Yellow Toadflax - Linaria vulgaris
Herb: Yellow Toadflax
Latin name: Linaria vulgaris
Family: Scrophulariaceae (Figwort Family)
Medicinal use of Yellow Toadflax:Yellow toadflax has a long history of herbal use. It acts mainly on the liver and was once widely employed as a diuretic in the treatment of oedema. It is little used now, but undoubtedly merits investigation. The whole plant is antiphlogistic, astringent, cathartic, detergent, depurative, diuretic, hepatic, ophthalmic and purgative. It is gathered when just coming into flower and can be used fresh or dried. The plant is especially valued for its strongly laxative and diuretic activities. It is employed internally in the treatment of oedema, jaundice, liver diseases, gall bladder complaints and skin problems. Externally it is applied to haemorrhoids, skin eruptions, sores and malignant ulcers. The plant should be used with caution. It should preferably only be prescribed by a qualified practitioner and should not be given to pregnant women. Dosage is critical, the plant might be slightly toxic. The fresh plant, or an ointment made from the flowers, is applied to piles, skin eruptions etc. The juice of the plant, or the distilled water, is a good remedy for inflamed eyes and cleaning ulcerous sores. A homeopathic remedy is made from the plant. It is used in the treatment of diarrhoea and cystitis.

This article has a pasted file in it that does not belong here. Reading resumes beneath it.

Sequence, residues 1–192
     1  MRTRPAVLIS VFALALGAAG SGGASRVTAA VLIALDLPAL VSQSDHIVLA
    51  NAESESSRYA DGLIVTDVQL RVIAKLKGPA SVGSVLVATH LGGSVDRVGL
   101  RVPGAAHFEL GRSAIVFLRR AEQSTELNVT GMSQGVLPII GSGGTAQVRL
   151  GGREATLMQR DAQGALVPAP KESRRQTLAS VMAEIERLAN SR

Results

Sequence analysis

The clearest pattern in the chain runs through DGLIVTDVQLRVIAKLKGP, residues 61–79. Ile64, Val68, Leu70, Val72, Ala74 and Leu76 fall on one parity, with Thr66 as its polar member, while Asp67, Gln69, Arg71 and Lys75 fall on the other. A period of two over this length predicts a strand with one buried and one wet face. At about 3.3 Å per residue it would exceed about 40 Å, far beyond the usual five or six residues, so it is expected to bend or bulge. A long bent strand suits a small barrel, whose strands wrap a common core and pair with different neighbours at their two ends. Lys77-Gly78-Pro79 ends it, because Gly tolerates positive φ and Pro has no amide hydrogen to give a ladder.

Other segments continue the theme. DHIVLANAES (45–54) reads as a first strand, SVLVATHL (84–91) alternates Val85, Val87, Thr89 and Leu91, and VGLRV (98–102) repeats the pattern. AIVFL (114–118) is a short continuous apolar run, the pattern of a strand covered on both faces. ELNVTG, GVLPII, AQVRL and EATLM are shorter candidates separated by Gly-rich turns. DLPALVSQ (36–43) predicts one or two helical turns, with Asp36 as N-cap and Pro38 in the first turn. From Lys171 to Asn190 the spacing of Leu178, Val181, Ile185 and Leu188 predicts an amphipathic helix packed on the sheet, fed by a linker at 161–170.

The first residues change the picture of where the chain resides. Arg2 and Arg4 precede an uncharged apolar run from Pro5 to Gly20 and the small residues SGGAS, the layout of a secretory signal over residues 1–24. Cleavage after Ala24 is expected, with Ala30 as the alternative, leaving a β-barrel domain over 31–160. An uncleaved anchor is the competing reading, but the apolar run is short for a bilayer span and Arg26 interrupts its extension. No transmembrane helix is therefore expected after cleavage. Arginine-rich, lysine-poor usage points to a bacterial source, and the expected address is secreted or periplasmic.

Description of the plant:
Habitat of the herb:Hedgerows, by ditches, on dry banks and roadside verges. It is especially abundant in sandy and gravelly soils, and in chalk and limestone districts, and avoids acid soils.
Edible parts of Yellow Toadflax:Young shoots - cooked. Use with caution, see the notes above on toxicity.
Other uses of the herb:A yellow dye is obtained from the whole plant. It is obtained from the flowers according to other reports. A tea made from the plant has been used as an insecticide.
Propagation of Yellow Toadflax:Seed - sow early spring in situ. Division in April or the autumn. Very easy, larger clumps can be replanted direct into their permanent positions, though it is best to pot up smaller clumps and grow them on in a cold frame until they are rooting well. Plant them out in the spring. This species can be divided successfully at almost any time in the growing season.
Cultivation of the herb:Hedgerows, by ditches, on dry banks and roadside verges. It is especially abundant in sandy and gravelly soils, and in chalk and limestone districts, and avoids acid soils.
Known hazards of Linaria vulgaris:One report suggests that the plant might be slightly toxic.
Plant information taken from the Plants For A Future.